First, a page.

Percentage in point

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In finance, specifically in foreign exchange markets, a percentage in point (pip) is a unit of change in an exchange rate of a currency pair.

The major currencies (except the Japanese yen) are traditionally priced to four decimal places, and a pip is one unit of the fourth decimal point: for dollar currencies this is to 1/100th of a cent. For the yen, a pip is one unit of the second decimal point, because the yen is much closer in value to one hundredth of other major currencies.[1]

A pip is sometimes confused with the smallest unit of change in a quote, i.e. the tick size. Currency pairs are often quoted to four decimal places, but the tick size in a given market may be, for example, 5 pips or 1/2 pip.

Trading value[edit]

A rate change of one pip may be related to the value change of a position in a currency market. Currency is typically traded in lot size of 100,000units of the base currency. A trading position of one lot that experiences a rate change of 1 pip therefore changes in value by 10 units of the quoted currency.[2]

Example[edit]

If the currency pair of the Euro and the U.S. Dollar (EUR/USD) is trading at an exchange rate of 1.3000 (1 EUR = 1.3 USD) and the rate changes to 1.3010, the price ratio increases by 10 pips.

In this example, if a trader buys 5 standard lots (i.e. 5 × 100,000 = 500,000) of EUR/USD, paying USD 650,000 and closes the position after the 10 pips' appreciation, the trader will receive USD 650,500 with a profit of USD 500 (i.e. 500,000 (5 standard lots) × 0.0010 = USD 500). Most retail trading by speculators is conducted in margin accounts, requiring only a small percentage (typically 1%) of the purchase price as equity for the transaction.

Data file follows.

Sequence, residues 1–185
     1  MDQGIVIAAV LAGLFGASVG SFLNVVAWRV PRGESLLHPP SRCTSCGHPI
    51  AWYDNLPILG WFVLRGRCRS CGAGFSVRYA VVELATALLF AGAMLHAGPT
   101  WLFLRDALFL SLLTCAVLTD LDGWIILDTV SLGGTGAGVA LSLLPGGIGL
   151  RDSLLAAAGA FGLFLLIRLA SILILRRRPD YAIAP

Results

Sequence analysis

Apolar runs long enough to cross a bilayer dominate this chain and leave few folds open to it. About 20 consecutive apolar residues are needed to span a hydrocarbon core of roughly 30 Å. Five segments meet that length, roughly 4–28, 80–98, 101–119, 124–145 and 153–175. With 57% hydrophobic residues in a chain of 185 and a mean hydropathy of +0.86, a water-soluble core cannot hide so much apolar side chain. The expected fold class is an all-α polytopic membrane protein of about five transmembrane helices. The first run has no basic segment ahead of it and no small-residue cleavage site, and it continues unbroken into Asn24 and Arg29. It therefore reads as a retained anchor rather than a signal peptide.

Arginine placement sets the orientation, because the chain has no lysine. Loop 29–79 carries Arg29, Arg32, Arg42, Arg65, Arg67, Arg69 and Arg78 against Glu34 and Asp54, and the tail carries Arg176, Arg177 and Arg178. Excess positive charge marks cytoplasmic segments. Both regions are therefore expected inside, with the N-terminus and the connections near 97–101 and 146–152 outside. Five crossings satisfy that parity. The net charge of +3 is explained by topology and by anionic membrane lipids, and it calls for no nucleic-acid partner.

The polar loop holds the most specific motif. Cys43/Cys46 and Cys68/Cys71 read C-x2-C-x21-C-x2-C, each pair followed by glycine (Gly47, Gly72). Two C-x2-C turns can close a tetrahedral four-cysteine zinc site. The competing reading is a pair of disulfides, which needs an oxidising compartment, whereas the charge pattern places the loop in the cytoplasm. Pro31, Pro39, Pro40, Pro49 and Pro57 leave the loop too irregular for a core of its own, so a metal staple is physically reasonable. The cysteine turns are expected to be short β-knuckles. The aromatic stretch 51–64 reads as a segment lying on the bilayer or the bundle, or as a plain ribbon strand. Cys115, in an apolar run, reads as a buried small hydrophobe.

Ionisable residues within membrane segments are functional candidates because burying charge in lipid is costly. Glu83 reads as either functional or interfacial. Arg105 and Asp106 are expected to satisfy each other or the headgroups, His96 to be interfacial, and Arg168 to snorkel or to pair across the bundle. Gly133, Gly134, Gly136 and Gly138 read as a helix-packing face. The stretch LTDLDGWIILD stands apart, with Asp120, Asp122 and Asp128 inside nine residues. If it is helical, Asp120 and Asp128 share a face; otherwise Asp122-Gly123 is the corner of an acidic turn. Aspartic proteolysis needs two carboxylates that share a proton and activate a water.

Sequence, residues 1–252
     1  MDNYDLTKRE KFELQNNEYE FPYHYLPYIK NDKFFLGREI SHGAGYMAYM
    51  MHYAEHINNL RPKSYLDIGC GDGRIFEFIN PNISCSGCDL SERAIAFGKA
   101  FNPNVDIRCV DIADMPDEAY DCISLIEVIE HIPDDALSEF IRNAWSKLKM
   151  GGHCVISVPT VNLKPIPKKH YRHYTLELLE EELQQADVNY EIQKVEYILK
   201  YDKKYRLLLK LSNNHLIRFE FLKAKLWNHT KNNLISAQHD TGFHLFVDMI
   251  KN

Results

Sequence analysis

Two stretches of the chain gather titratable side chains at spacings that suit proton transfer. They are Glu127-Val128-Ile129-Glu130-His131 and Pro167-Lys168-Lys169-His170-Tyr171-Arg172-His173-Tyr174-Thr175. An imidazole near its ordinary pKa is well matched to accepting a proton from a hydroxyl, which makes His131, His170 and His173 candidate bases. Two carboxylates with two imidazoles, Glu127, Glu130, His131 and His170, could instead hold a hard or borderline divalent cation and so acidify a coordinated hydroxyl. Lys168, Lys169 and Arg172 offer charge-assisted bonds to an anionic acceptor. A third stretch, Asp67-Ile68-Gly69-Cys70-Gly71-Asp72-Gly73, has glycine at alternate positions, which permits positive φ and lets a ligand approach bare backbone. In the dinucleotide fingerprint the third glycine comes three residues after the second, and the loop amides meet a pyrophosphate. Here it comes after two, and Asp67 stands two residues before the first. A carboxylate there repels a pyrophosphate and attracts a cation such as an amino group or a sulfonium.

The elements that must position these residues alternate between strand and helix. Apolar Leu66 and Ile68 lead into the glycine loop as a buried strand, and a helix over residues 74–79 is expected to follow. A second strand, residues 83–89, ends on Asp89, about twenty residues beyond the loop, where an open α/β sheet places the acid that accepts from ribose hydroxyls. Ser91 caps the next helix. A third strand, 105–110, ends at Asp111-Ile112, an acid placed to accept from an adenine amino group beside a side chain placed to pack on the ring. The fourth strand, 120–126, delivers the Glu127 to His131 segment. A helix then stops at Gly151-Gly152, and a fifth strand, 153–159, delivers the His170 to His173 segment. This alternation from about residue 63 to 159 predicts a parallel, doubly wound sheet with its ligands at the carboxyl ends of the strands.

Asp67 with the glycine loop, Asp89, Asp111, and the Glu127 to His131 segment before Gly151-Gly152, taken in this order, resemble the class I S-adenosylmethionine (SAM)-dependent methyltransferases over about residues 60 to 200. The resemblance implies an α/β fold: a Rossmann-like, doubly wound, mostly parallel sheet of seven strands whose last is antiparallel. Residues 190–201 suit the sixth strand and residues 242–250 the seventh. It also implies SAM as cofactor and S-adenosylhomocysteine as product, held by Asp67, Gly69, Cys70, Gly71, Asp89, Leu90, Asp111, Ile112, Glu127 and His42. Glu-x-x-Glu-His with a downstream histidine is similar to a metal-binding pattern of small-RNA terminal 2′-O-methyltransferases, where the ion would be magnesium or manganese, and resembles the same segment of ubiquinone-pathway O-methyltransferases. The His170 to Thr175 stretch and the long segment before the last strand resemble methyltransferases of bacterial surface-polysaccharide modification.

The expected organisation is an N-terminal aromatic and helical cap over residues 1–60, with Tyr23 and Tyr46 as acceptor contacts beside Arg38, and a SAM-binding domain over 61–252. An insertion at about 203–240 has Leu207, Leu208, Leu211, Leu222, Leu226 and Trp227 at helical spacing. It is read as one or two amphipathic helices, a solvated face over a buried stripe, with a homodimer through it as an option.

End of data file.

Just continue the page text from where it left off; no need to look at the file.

Fractional pips[edit]

Electronic trading platforms have brought greater price transparency and price competition to the foreign exchange markets.[3] Several trading platforms have extended the quote precision for most of the major currency pairs by an additional decimal point; the rates are displayed in 1/10 pip.

See also[edit]

References[edit]

  1. ^ Mouhamed Abdulla, Ph.D. "Understanding Pip Movement in FOREX Trading". Report, Mar. 2014. 
  2. ^ Archer, Michael D.; Bickford, James L. (May 25, 2005). Getting Started in Currency Trading: Winning in Today's Hottest Marketplace. Hoboken, New Jersey: John Wiley & Sons. ISBN 978-0-471-71303-6. 
  3. ^ "Forex Trading - An Explanation of Pips and Fractional Pips". InformedTrades.com. 2008-04-16. Retrieved 2009-07-13. [unreliable source?]